Recovery Fun With Your Friends
Finding ways to have a good time with people in recovery is difficult for many individuals. It is a particular challenge for some persons who are new to the program. Anyone in recovery will tell you that maintaining an addiction is a full-time job, acquiring one’s drug of choice used to take up a significant portion of their day. Once such people began living life in a new way, it became critical to find methods of filling their time that didn’t revolve around substance use.
To be sure, working a program takes up a good part of a person’s day. Attending meetings, working with a sponsor or mentor, reading approved literature, and practicing prayer and meditation consume a good number of the available hours in each day. However, there is another facet of recovery that is oft left unmentioned. That of fun! What’s more, the need for enjoying one’s self is an aspect of healing that the founders of Alcoholics Anonymous emphasize in the “Big Book.” A sentiment that even people working a different recovery program than A.A. can see the importance of; on page 132 of the Big Book it states:
“We absolutely insist on enjoying life …. So we think cheerfulness and laughter make for usefulness. Outsiders are sometimes shocked when we burst into merriment over a seemingly tragic experience out of the past. But why shouldn’t we laugh? We have recovered, and have been given the power to help others.”
Enjoying Recovery to the Fullest
For most people in recovery, having fun often involves socializing with each other before and after meetings. Coffee houses across the country have long catered to individuals who no longer drink or drug. A good number of people plan recovery retreats, go for group hikes, lay around on the beach in an attempt to enjoy their sobriety. Some even go bowling, an activity that most addicts never could’ve imagined being a part of their lives just a short time ago.
In early recovery, it’s a wise practice to stay away from wet environments, places where alcohol is likely to be on tap. However, for people whose recovery is robust and the risk of relapse less likely, there exists a desire to have some kind of nightlife. That’s not to say that they want to be in a bar; instead they would like to confab with adults not sitting at a table across from students typing their thesis.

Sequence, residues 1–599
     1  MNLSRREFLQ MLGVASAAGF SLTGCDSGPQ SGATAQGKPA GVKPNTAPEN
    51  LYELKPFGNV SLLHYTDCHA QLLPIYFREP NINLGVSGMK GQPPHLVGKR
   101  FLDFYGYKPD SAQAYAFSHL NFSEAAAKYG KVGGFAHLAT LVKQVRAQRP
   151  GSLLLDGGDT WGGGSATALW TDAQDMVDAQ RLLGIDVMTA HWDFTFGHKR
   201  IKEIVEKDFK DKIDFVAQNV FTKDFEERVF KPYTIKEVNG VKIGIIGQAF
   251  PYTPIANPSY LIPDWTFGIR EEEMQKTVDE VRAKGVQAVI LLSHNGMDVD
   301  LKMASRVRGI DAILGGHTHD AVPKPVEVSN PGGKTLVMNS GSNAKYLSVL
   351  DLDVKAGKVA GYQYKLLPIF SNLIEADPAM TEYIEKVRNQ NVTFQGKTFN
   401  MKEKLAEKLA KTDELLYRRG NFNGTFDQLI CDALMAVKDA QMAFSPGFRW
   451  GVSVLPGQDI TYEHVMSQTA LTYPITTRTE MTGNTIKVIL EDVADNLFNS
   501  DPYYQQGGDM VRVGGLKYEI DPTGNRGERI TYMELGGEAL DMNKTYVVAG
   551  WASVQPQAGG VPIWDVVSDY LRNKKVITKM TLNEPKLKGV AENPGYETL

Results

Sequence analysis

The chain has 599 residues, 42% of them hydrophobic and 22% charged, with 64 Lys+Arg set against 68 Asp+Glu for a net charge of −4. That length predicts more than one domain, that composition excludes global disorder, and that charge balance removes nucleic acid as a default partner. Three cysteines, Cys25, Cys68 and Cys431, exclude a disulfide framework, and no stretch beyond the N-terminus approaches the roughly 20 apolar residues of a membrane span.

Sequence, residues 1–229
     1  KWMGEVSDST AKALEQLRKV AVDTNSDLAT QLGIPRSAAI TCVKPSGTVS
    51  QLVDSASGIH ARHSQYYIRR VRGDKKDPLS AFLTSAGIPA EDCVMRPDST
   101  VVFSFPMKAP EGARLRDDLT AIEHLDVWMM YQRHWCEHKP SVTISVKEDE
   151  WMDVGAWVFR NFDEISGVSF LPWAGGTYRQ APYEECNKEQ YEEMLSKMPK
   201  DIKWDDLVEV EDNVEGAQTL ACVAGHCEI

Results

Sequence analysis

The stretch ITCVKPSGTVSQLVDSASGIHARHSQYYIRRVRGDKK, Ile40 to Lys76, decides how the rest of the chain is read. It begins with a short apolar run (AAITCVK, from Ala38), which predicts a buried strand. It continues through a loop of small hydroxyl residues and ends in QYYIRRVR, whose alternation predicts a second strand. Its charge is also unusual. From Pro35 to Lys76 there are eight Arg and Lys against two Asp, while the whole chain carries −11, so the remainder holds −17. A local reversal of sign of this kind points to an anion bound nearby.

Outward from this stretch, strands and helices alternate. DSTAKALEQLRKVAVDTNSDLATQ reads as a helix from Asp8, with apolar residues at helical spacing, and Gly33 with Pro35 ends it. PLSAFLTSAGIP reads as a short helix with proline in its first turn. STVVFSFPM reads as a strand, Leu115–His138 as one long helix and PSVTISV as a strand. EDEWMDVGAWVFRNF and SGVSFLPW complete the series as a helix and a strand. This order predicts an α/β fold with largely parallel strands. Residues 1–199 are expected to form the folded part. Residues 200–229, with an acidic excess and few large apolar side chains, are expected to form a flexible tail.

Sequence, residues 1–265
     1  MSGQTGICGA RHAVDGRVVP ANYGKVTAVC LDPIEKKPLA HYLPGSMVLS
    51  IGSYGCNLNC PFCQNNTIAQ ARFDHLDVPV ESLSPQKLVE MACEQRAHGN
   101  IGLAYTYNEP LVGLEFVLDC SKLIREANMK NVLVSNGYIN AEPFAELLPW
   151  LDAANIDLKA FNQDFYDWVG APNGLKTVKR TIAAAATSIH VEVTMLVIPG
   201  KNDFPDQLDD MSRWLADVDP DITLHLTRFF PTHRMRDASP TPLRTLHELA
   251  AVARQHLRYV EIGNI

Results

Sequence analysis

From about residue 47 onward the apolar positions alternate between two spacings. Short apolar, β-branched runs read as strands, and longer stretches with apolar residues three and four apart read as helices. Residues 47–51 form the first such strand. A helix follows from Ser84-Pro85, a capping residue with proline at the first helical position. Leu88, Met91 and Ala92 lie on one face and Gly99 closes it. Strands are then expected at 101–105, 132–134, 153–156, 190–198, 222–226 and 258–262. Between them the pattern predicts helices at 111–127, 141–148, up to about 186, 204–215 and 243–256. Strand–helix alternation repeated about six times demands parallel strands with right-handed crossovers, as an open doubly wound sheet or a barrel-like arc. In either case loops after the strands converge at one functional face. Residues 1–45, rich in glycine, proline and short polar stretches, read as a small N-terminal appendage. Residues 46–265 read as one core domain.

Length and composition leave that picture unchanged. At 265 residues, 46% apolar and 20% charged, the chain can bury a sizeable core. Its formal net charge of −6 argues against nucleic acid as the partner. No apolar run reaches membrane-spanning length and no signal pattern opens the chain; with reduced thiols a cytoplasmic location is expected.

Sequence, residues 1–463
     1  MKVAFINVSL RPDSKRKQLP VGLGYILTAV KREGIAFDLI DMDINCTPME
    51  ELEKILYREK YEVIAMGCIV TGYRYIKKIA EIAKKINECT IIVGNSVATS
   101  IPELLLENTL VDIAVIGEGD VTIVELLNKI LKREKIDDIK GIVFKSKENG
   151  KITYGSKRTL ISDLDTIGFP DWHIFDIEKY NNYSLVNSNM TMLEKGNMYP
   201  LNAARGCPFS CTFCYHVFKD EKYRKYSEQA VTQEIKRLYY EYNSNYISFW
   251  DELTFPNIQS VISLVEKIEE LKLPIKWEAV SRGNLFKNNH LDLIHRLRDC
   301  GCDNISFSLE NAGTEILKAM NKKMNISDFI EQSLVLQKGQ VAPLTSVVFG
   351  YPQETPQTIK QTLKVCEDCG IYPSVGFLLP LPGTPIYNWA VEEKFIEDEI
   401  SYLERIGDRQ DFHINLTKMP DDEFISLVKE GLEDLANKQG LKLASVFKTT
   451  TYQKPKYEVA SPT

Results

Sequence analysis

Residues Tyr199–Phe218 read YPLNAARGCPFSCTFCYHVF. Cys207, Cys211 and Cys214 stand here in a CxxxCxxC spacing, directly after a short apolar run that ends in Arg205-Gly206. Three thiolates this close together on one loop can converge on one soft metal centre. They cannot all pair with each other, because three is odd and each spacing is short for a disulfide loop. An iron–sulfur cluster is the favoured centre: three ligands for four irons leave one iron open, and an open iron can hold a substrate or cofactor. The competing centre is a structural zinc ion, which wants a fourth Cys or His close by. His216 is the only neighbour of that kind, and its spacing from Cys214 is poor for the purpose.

For Elissa Emery, the daughter of an addict, the desire to create just such a space was real. Along with Sarah Wehnau, Emery opened ‘Unbreakable Nutrition’ on August 1st, CBS6Albany reports. Instead of cocktails, they serve healthy beverages reminiscent of what you might find at a bar, sans alcohol of course. The idea for a sober bar came about when Emery’s friend started working a program of recovery and two could not find anywhere to hang out that was alcohol-free.
“Trying to find a space we could both go where we both felt like this is a great place where we can go and hang out, that wasn’t like a Dunkin’ Donuts or a Starbucks, there really wasn’t anywhere,” says Emery. “We hope we’re setting the new standard to include everybody, including those in recovery.”
Please keep in mind that while the above idea is novel and could be beneficial for some people in recovery, visiting such an establishment may present problems for people in early recovery. Even a “mocktail” can cause feelings to arise that could trigger a person. It is hard to know how you will respond to feeling like you are back in the bars again after being sober for a stint. Before attending alcohol-free bars and nightclubs, please talk it over with your support group.
If you are struggling with drugs or alcohol, Synergy Group Services can assist you to begin the journey of recovery. Please reach out to us today, to learn more about our holistic approach to addiction treatment.